Turkey Eases Export Ban Following Intense Lobbying

Turkish producers will be able to export 50,000 tons of bulk olive oil until November. With forecasts of bumper harvest, the sector wants the ban lifted completely.
Istanbul, Turkey
By Daniel Dawson
Jun. 12, 2024 01:17 UTC

As offi­cials in Turkey’s olive oil sec­tor antic­i­pate another bumper har­vest in the 2024/25 crop year, they con­tinue to call on the gov­ern­ment to lift its ban on bulk exports.

After intense lob­by­ing from the olive oil sec­tor, the gov­ern­ment par­tially lifted the pro­hi­bi­tion, allow­ing pro­duc­ers to export 50,000 tons of olive oil in bulk until November 1, 2024.

The new crop expec­ta­tions and stocks show us that we have approx­i­mately twice as much olive oil as we need in the domes­tic mar­ket. For this rea­son, we believe that bulk exports of olive oil should be lib­er­al­ized.- Ali Kopuz, chair, Istanbul Commodity Exchange

According to the Aegean Olive and Olive Oil Exporters’ Association (EZZIB), Turkey has 200,000 tons of olive oil stocks. EZZIB chair­man Mehmet Emre Uygun wel­comed the deci­sion, which he esti­mated would bring in $300 mil­lion (€279 mil­lion) for pro­duc­ers.

While pro­duc­ers, exporters and their advo­cates wel­comed the announce­ment, they said it did not go far enough.

See Also:Native Varieties Yield Award-Winning Season for Turkish Producers

Uygun said the bulk export restric­tions, first imposed in August 2023, had not ben­e­fited con­sumers by low­er­ing prices, which was the author­i­ties’ goal.

Instead, Uygun said infla­tion had nearly dou­bled the price of olive oil dur­ing the ten months since the bulk export pro­hi­bi­tion was announced. He warned that con­tin­u­ing the ban would hurt farm­ers, millers and exporters.


Mehmet Emre Uygun (Photo: EIB)

While our exports were 150,000 tons in the 2022/23 crop year, they declined around 70 per­cent in the seven-month peri­ods in 2023/24,” he told local media. Exporters were not the only ones who suf­fered due to the injunc­tion. The pro­ducer suf­fered a loss of income because he could not sell his prod­ucts to exports.”

Above all, Turkey and Turkish olive oil exporters lost their good rep­u­ta­tion in export mar­kets,” he added.

The August 2023 ban was the third pro­hi­bi­tion on bulk exports in as many years, with pre­vi­ous bans imple­mented in March 2021 and April 2022. However, the cur­rent one has lasted longer than the ear­lier pro­hi­bi­tions.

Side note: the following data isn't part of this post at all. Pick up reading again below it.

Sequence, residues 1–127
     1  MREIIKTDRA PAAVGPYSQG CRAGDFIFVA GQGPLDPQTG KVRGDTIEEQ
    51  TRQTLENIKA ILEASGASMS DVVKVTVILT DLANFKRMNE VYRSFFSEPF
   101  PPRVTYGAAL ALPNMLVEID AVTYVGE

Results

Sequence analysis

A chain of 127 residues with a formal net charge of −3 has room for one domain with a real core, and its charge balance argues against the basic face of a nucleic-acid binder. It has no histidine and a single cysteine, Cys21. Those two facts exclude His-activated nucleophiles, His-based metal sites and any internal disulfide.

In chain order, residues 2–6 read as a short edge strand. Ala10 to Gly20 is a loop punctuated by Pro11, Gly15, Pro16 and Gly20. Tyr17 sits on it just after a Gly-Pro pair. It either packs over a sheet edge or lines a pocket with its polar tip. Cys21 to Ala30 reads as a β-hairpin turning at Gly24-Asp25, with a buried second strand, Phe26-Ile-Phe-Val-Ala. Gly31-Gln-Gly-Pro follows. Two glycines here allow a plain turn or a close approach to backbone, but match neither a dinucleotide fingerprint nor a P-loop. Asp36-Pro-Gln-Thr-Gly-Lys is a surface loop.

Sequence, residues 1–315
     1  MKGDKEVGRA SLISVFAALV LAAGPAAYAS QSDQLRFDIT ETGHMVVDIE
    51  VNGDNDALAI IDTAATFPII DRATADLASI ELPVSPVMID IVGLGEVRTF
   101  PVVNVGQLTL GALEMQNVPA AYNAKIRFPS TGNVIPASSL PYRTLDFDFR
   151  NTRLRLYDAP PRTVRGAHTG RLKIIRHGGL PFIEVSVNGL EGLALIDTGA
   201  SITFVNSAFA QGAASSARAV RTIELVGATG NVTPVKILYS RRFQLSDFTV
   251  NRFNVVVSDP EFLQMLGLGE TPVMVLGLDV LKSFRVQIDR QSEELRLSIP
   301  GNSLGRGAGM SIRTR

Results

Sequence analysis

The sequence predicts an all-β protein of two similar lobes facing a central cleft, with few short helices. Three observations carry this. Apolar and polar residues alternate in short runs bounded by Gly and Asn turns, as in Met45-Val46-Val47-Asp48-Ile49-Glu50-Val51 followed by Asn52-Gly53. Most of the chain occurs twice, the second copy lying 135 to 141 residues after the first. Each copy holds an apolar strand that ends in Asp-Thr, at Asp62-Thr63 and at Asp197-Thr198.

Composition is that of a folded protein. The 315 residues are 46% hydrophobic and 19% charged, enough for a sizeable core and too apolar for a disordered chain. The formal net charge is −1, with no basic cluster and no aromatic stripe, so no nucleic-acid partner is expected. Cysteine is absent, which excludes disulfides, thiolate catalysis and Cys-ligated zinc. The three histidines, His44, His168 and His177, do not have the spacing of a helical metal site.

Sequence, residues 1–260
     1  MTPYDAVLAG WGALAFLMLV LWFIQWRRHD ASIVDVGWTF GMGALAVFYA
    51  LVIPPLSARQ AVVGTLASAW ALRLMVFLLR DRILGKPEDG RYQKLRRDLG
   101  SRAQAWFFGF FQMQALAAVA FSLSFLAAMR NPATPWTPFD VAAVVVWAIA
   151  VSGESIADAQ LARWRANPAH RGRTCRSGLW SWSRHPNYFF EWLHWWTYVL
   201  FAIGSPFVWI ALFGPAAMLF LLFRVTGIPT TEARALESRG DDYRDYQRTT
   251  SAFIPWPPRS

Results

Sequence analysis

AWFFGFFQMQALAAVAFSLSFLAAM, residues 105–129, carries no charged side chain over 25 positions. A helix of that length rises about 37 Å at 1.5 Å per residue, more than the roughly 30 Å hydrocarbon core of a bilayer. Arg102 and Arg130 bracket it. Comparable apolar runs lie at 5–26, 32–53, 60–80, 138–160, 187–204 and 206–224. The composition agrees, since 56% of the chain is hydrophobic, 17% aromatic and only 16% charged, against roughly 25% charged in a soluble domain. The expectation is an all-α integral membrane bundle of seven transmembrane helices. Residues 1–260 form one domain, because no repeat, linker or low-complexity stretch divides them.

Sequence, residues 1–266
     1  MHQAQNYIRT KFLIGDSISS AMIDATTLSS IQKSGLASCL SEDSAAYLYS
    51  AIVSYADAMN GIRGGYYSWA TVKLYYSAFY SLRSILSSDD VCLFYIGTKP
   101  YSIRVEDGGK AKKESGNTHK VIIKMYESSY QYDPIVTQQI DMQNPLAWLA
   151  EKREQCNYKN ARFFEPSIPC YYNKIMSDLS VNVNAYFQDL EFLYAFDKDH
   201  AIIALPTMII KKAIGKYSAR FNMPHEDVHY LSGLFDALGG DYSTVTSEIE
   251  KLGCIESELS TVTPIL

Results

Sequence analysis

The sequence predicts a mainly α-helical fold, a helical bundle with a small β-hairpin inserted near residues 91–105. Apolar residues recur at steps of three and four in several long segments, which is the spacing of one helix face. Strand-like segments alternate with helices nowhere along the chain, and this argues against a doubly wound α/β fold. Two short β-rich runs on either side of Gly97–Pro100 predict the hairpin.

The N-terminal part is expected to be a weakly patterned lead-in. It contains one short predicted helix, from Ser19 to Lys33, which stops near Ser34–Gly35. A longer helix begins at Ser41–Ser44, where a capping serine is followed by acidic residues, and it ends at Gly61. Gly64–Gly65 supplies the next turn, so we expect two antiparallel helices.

Ali Kopuz, the chair of the Istanbul Commodity Exchange, said Turkey has twice the amount of olive oil it needs to sup­ply the domes­tic mar­ket and called on the gov­ern­ment to elim­i­nate the ban.

Bulk olive oil exports were banned, tak­ing into account the yield and stock sit­u­a­tion,” he told local media. In this way, the domes­tic mar­ket was suc­cess­fully reg­u­lated, and our [indi­vid­u­ally pack­aged] olive oil exports dou­bled com­pared to the pre­vi­ous sea­son.”

However, the new crop expec­ta­tions and stocks show us that we have approx­i­mately twice as much olive oil as we need in the domes­tic mar­ket,” Kopuz added. For this rea­son, we believe that bulk exports of olive oil should be lib­er­al­ized.”

The EZZIB antic­i­pates pro­duc­tion to reach 400,000 tons in 2024/25, slightly below the record-high yield reg­is­tered in the 2022/23 crop year but sig­nif­i­cantly above the pre­vi­ous har­vest.

Combined with exist­ing olive oil stocks and pro­duc­tion from Afrin, a region in north­ern Syria occu­pied by Turkey, Uygun esti­mates that the coun­try could have 650,000 tons of olive oil avail­able by the end of the har­vest.

We wish for a sea­son in which there are no quo­tas and out exporters can export in the world mar­kets under fee marker con­di­tions,” Uygun said. If bans are left behind, we believe we will reach the export tar­get of $1 bil­lion (€932 mil­lion) for the first time in our his­tory in the 2024/25 crop year.”


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